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J Neurosci. 1998 Jun 15;18(12):4656-62.

Inhibition of CPP32-like proteases rescues axotomized retinal ganglion cells from secondary cell death in vivo.

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1
Department of Neurology, Universität Tübingen, 72076 Tübingen, Germany.

Abstract

The majority of retinal ganglion cells (RGCs) degenerate and die after transection of the optic nerve (ON) in the adult rat. This secondary cell death can primarily be ascribed to apoptosis. Recent work strongly suggests a decisive role for a family of cysteine proteases, termed caspases, as mediators of neuronal apoptosis. In this study, we investigated whether activation of caspases contributes to delayed death of RGCs after axotomy. Intraocular application of various caspase inhibitors rescued up to 34% of RGCs that would otherwise have died 14 d after ON transection. Using a modified affinity-labeling technique, we detected a 17 kDa protease subunit upregulated after axotomy. Upregulation was prevented by caspase inhibitor treatment. The 17 kDa protein was identified as a CPP32-like protease by Western blot analysis and affinity labeling with biotinylated acetyl-Asp-Glu-Val-Asp-aldehyde, which specifically inhibits CPP32-like caspases. In vivo application of the irreversible caspase inhibitor benzyloxycarbonyl-Asp-Glu-Val-Asp-chloromethylketone revealed CPP32-like proteases to be major mediators of caspase-induced apoptosis in axotomized RGCs, because this inhibitor showed an even higher neuroprotective potential than the irreversible wide-range inhibitor benzyloxycarbonyl-Val-Ala-DL-Asp-fluoromethylketone. In summary, the data presented here provide further insight into the mechanisms of injury-induced neuronal apoptosis and could give rise to more effective therapeutic intervention strategies in CNS trauma and neurodegenerative diseases.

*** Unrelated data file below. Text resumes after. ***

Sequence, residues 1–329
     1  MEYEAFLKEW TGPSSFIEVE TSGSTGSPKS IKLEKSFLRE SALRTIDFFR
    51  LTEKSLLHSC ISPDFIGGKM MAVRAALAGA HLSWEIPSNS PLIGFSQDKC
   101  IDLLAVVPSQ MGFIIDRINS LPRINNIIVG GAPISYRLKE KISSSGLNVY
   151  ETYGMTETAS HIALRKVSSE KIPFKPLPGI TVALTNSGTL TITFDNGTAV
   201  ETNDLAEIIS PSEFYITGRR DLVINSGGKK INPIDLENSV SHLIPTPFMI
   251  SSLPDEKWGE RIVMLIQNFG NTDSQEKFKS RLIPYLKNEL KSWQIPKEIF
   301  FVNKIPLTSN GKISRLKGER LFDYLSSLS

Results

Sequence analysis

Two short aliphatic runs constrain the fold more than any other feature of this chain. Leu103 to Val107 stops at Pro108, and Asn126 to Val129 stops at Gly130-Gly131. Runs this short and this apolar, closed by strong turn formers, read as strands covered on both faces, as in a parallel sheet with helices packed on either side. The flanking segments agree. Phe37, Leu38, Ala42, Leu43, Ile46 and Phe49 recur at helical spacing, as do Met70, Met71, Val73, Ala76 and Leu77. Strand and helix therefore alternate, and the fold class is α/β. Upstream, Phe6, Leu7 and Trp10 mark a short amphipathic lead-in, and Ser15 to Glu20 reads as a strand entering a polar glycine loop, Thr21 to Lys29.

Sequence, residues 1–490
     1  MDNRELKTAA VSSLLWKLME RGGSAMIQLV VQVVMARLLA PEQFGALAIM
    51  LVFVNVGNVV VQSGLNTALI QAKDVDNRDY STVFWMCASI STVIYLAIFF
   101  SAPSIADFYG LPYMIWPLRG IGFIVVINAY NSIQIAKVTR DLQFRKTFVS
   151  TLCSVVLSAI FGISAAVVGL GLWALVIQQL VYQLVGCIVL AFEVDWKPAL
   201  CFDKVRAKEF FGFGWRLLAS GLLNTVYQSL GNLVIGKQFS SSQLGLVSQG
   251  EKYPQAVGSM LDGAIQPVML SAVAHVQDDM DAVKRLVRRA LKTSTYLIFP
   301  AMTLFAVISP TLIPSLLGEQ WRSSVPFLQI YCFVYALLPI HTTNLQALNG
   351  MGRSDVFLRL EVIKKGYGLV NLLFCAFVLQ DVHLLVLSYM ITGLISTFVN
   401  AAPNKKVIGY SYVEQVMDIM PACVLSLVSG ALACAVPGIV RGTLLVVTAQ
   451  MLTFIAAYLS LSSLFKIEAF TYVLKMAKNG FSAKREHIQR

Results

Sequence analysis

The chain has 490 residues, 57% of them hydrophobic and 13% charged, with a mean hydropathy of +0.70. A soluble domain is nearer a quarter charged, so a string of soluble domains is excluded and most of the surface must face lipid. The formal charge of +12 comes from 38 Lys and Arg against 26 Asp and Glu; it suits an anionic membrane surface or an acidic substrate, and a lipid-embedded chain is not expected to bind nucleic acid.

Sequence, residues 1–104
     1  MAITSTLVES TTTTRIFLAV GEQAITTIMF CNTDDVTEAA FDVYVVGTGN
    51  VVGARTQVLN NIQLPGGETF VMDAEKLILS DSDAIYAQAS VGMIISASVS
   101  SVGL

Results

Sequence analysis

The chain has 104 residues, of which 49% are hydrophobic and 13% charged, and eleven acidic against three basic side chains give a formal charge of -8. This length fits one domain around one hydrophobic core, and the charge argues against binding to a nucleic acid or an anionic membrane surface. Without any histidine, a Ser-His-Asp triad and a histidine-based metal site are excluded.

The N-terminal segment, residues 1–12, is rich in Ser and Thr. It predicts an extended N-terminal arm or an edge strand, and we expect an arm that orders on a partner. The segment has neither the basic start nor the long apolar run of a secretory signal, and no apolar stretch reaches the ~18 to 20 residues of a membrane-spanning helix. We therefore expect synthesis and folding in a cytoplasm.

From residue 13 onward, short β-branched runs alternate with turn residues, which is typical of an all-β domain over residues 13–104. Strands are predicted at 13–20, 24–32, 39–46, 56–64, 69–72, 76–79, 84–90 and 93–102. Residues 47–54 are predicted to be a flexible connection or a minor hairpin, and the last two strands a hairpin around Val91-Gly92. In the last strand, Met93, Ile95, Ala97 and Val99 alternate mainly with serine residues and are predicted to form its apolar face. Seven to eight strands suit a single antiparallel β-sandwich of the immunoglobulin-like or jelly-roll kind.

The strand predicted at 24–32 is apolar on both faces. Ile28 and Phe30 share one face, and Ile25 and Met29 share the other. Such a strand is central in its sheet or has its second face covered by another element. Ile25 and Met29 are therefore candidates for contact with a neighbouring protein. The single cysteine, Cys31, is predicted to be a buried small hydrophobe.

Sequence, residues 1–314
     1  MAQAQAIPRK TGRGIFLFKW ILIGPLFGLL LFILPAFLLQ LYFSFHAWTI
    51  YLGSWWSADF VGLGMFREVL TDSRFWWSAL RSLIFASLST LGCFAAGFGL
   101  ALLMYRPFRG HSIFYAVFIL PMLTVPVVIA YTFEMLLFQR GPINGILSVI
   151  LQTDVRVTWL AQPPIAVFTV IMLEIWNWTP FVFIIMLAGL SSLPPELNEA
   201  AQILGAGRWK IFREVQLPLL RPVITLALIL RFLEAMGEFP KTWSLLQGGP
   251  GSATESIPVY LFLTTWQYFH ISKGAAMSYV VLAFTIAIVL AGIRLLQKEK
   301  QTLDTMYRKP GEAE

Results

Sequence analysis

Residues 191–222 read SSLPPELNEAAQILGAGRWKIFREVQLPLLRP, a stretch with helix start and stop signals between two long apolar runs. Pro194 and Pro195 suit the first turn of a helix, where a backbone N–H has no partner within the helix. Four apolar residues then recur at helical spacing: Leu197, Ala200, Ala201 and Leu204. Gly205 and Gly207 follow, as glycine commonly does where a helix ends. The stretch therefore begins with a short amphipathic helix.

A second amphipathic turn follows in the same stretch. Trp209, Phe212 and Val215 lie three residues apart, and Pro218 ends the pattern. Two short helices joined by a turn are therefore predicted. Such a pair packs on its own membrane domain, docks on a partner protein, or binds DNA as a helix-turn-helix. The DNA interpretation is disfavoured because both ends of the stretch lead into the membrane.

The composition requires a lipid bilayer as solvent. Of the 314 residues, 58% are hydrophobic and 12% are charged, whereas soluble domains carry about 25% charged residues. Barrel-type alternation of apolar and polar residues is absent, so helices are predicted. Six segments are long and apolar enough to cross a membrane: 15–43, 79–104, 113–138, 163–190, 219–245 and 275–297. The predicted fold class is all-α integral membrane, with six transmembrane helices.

PMID:
9614240
[Indexed for MEDLINE]
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